Friday, August 2, 2013

Container Shipping Lines May Profit From Rising Freight Levels of Timber Exports

Growth Area as Chinese Building Boom Takes Off
Shipping News Feature

CHINA – EUROPE – US – RUSSIA – NEW ZEALAND – Much is made of the amount of coal and ore of all types which China uses annually, unsurprising given the tonnages involved and the effect on bulk shipping companies worldwide. What has perhaps been less noticeable has been the fluctuating Chinese import market for timber, something which can prove a valuable revenue source for the container lines searching for freight on its way to Asia.

According to statistics reported by the Wood Resource Quarterly, a publication by Wood Resources International LLC, shipments of both whole logs and prepared timber (lumber) dropped during 2012 and the early part of this year. Now however the situation has changed radically as Chinese house-building activities have increased in the first half of 2013 as compared to the same period in 2012. Year-over-year, investments were up 13% in residential buildings, and 23% in commercial buildings, according to recently published official Chinese statistics.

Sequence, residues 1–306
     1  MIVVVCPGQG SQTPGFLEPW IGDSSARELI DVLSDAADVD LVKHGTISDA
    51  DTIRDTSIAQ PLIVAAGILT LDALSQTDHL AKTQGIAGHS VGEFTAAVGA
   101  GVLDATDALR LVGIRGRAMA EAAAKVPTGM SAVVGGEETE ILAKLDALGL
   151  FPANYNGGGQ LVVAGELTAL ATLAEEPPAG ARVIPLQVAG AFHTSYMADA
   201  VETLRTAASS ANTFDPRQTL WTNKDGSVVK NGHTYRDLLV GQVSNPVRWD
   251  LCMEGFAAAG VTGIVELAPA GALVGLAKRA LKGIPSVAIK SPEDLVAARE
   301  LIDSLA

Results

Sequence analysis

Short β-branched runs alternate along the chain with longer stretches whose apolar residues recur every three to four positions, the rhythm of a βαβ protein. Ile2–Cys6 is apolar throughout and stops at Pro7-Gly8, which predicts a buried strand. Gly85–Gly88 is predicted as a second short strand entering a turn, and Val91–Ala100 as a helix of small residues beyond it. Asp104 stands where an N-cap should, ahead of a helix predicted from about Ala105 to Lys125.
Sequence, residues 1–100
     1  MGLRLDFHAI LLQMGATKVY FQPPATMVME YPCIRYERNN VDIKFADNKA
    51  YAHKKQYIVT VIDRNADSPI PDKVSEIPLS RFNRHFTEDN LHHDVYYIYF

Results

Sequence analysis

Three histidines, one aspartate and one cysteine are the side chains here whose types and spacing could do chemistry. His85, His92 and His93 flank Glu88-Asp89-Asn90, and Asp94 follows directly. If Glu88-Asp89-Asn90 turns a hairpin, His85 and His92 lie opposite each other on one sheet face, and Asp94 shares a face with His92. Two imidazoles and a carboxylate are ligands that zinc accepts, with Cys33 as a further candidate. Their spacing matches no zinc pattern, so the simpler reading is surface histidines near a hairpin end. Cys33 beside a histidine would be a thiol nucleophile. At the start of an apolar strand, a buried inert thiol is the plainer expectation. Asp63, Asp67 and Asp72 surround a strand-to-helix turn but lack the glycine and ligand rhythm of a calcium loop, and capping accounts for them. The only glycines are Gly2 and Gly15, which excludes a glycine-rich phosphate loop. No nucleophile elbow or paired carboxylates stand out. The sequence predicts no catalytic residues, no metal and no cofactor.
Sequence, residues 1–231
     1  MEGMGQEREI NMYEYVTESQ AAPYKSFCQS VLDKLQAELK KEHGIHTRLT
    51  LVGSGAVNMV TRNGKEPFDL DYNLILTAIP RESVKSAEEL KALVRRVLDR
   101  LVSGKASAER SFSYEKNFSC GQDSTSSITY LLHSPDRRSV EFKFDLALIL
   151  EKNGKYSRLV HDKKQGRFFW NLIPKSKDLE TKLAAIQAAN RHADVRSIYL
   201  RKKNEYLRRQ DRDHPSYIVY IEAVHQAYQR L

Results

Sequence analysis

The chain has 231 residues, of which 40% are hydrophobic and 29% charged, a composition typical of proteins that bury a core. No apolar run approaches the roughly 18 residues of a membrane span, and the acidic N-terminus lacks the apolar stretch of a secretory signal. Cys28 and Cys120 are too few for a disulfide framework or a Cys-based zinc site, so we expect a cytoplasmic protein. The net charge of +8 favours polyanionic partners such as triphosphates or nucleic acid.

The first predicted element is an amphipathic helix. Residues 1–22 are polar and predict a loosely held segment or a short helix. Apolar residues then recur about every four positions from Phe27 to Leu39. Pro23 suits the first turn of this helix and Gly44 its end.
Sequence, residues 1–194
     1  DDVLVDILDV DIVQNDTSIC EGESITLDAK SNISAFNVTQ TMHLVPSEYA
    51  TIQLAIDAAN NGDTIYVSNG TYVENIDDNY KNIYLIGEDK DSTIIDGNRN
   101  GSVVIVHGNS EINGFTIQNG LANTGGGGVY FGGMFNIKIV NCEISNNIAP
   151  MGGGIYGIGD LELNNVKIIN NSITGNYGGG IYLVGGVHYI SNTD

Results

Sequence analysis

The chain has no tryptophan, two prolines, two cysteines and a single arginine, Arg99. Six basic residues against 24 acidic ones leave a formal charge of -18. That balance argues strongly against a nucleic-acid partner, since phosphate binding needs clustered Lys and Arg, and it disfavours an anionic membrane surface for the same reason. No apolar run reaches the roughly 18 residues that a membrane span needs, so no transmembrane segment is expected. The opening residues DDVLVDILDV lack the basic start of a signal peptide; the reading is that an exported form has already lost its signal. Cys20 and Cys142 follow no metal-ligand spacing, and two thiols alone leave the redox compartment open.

Lumber imports have grown significantly faster than log shipments and the pattern of exporters has also altered with New Zealand now the biggest supplier of logs, overtaking Russia in this respect, and the US and Canada providing 25% of all Chinese log imports, whilst Russia and Canada are now the biggest two lumber suppliers. This is no small market with the second quarter of 2013 showing imports for both products exceeding $2.2 billion, up $600 million from Q1.

In the longer term lumber shipments have tripled in four years and now European sawmills are starting to wake up to the export possibilities as the Chinese lumber market expands. In June of this year European lumber secured 8% of the Chinese market but there is room to expand this, and with space regularly available on the return leg for returning containers, prepared and sawn timber may well prove a useful commodity for some of the box carriers.

Unfortunately the demand for quality lumber inevitably leads to problems and the ocean freight lines have to be careful where timber is sourced. Three years ago CMA CGM were criticised by environmental groups for carrying 275 containers of rosewood, protected in many countries, after it had been felled in protected areas of Madagascar, for export to China.